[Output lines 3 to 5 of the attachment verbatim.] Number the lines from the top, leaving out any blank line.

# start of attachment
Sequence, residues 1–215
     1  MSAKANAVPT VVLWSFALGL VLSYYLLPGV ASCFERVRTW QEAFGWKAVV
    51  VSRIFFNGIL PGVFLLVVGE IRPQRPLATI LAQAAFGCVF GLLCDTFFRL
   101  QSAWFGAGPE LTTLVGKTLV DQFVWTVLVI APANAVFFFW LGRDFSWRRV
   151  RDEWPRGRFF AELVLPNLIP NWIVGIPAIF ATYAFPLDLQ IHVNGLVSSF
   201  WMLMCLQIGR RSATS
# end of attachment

    51  VSRIFFNGIL PGVFLLVVGE IRPQRPLATI LAQAAFGCVF GLLCDTFFRL
   101  QSAWFGAGPE LTTLVGKTLV DQFVWTVLVI APANAVFFFW LGRDFSWRRV
   151  RDEWPRGRFF AELVLPNLIP NWIVGIPAIF ATYAFPLDLQ IHVNGLVSSF